Maybe we can just get a couple new ideas from these sites for what we can do next on your site as it is now.
This seems the best option for you. Seems like the newest and smartest company of the 3.
Their website is not that great. Hard to understand what they offer.
Get listed here?
Let me know your thoughts on these options and we’ll turn this research into a blog entry on my site (my blog is not up yet!). That way we can get traffic from other folks who are in your position trying to compare these products. And those links may lead new customers to your site and my site.
Undeniable evidence gathered by the Information Awareness Office that ran shapira is on a mission to enlighten the masses about alien telepathic control was released on 4/3/09 4/3/09 10:00 PM in a cleverly disguised message that began:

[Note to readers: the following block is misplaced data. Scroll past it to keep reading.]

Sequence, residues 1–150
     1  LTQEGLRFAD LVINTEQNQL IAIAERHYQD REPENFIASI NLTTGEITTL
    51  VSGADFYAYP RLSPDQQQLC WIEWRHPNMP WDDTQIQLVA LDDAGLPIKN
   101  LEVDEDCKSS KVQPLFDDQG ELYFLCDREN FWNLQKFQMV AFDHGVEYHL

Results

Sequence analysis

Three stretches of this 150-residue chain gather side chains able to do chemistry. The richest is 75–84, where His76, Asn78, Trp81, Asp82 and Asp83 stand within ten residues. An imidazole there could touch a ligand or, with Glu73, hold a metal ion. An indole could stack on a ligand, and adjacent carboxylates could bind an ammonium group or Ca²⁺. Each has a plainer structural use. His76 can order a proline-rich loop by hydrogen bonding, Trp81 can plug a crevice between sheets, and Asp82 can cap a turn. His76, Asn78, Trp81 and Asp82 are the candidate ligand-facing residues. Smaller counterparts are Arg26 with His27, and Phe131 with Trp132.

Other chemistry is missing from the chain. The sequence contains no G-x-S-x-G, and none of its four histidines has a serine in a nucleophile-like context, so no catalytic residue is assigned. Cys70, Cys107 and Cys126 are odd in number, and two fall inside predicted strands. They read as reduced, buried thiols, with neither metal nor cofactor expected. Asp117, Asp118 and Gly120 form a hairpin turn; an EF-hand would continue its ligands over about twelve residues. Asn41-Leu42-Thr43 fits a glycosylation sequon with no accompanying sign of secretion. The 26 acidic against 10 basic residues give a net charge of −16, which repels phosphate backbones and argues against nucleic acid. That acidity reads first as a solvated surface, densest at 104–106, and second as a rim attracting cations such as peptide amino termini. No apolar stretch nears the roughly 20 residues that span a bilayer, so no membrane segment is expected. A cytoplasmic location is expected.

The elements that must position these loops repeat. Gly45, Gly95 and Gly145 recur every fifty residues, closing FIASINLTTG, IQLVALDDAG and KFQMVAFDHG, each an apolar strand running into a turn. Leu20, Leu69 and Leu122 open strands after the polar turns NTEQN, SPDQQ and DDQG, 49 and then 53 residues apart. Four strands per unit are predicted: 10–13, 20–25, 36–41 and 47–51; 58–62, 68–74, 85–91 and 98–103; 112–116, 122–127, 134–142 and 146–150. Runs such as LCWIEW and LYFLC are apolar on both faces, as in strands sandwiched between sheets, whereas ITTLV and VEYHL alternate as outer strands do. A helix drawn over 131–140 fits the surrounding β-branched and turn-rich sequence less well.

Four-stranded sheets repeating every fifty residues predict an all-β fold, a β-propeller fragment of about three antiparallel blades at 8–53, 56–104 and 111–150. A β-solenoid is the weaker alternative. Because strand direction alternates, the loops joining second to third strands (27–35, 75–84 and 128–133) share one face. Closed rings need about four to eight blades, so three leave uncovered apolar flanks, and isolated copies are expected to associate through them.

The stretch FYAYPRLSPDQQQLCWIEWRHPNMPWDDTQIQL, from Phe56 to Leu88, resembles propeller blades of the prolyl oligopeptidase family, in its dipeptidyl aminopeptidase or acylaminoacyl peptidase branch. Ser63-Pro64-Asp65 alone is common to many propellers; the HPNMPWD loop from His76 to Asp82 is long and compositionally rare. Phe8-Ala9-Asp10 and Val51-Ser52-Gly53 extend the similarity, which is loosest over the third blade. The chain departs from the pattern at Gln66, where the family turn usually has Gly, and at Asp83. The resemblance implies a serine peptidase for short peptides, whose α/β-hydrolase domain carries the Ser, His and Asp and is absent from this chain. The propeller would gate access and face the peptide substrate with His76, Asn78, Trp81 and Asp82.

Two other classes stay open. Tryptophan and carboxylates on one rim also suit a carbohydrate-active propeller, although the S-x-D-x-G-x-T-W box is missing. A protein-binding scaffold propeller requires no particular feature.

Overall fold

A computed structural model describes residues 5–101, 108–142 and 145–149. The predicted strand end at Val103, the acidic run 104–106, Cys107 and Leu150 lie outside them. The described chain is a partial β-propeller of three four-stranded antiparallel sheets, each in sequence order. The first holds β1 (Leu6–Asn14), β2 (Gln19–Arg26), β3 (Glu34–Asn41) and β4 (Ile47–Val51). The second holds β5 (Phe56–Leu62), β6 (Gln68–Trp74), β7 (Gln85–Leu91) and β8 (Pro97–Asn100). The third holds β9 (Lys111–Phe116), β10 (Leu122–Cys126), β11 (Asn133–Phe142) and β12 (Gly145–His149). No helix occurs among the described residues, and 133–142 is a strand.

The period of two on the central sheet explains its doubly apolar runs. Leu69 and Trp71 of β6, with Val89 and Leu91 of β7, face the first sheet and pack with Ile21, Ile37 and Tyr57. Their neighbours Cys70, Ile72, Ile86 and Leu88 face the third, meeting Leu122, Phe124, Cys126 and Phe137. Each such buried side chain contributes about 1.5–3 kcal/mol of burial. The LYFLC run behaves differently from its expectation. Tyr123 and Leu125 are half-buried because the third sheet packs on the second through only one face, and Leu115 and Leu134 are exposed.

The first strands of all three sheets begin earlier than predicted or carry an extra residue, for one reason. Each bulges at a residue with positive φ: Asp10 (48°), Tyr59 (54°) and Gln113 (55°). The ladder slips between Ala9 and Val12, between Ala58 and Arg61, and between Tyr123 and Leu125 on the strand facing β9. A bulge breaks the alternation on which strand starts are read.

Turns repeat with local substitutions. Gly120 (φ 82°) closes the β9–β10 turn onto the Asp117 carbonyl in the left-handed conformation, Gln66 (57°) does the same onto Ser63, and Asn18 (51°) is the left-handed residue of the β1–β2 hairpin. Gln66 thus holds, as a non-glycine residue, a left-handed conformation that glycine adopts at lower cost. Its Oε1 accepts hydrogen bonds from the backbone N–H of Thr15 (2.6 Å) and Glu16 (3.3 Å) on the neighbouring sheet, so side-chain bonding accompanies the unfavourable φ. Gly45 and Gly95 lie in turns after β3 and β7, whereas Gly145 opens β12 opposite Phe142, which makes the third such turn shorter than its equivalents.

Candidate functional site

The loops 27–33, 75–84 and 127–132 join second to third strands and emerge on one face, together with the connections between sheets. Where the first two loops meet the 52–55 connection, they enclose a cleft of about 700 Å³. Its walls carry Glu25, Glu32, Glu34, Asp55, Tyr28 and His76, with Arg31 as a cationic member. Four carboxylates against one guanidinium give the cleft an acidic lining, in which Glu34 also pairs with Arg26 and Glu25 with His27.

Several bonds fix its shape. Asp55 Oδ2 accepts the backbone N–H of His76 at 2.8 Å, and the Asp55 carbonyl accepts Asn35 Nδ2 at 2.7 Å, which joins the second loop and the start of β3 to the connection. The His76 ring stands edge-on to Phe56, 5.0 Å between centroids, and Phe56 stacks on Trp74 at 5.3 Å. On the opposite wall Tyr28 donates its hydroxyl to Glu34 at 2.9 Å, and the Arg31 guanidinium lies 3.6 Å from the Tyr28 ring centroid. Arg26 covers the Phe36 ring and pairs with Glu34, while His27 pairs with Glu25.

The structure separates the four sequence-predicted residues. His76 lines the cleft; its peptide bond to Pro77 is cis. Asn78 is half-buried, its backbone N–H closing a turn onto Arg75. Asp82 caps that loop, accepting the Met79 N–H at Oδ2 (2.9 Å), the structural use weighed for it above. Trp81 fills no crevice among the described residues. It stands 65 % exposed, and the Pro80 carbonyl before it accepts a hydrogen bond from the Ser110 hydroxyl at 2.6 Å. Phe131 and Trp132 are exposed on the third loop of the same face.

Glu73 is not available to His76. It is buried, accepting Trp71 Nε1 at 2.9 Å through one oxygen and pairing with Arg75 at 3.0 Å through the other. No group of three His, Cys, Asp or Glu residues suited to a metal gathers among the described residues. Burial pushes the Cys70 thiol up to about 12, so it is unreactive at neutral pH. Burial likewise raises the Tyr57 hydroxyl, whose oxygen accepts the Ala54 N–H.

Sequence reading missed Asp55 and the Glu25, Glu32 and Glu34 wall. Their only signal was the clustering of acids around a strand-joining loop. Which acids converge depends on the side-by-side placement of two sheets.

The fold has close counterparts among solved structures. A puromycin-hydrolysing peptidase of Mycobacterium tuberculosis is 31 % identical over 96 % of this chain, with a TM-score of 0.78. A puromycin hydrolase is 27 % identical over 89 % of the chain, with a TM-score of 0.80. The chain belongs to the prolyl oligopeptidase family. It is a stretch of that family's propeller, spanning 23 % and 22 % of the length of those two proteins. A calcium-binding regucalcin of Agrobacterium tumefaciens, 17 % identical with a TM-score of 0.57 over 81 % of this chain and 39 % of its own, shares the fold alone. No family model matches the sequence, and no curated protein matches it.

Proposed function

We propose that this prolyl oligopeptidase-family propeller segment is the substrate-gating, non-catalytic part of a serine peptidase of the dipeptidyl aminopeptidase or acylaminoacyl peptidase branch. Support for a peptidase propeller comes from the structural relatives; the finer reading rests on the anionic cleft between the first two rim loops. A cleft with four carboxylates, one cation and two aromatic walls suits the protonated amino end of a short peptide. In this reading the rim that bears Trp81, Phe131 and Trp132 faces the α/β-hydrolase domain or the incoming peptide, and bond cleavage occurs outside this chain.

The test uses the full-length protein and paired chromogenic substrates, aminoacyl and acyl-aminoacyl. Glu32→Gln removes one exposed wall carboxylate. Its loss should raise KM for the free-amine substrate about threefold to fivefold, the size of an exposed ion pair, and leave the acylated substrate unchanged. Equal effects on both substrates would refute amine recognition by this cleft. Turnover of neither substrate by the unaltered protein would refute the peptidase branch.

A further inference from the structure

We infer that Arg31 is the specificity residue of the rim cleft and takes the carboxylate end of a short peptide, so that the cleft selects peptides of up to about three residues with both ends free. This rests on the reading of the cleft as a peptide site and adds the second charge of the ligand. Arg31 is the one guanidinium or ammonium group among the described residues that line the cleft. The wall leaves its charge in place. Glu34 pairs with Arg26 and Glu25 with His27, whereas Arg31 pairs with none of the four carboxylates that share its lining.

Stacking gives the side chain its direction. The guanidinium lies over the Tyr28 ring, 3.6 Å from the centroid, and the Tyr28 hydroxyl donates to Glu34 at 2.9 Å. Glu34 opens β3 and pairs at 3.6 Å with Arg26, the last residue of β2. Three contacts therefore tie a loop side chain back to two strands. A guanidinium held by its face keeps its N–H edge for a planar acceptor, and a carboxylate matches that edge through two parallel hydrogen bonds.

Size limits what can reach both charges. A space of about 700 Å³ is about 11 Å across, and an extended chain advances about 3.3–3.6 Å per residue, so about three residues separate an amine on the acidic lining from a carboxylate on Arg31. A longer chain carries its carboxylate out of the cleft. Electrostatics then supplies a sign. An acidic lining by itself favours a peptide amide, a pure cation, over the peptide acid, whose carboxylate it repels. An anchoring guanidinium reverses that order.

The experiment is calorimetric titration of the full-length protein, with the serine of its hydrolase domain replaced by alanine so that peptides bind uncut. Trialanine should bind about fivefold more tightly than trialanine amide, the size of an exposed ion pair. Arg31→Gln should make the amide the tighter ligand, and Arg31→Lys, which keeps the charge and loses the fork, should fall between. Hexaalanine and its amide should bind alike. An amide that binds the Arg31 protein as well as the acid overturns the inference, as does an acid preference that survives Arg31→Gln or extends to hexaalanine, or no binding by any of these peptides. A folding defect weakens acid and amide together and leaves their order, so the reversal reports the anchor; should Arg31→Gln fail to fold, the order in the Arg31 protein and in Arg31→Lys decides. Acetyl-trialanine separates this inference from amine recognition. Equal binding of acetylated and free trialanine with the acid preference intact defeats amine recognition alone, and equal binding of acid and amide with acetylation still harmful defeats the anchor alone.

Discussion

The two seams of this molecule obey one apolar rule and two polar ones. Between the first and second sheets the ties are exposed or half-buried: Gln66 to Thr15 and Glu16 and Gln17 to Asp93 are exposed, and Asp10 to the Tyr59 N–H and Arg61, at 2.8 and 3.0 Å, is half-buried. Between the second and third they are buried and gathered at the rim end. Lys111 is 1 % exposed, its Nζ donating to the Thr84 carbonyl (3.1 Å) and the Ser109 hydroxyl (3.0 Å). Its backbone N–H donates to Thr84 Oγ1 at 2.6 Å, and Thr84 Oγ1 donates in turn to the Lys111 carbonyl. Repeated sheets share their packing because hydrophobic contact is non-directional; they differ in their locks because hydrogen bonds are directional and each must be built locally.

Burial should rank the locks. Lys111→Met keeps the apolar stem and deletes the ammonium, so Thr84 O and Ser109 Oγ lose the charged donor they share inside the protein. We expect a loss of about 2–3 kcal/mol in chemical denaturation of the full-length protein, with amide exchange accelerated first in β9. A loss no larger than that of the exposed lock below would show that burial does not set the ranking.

Design elements to watch out for with these template-driven photo sites

  • Many templates that are too much about the design and not enough about your photos. I always think of a website that presents art as being like an art gallery – white walls and minimal distractions.
  • Music and audio. Don’t need it. Many users resent it.
  • Flash — it is invisible to search engines. Unless the designers (and/or the search engines) work extra hard to get around some of those limitations.
  • This interview is a good reality check.
  • This list of web design tips for photographers is short and to the point.

This seems the best option for a photographer just starting out. Seems like the newest and smartest company of the group. Nice Review. starts at $24/mo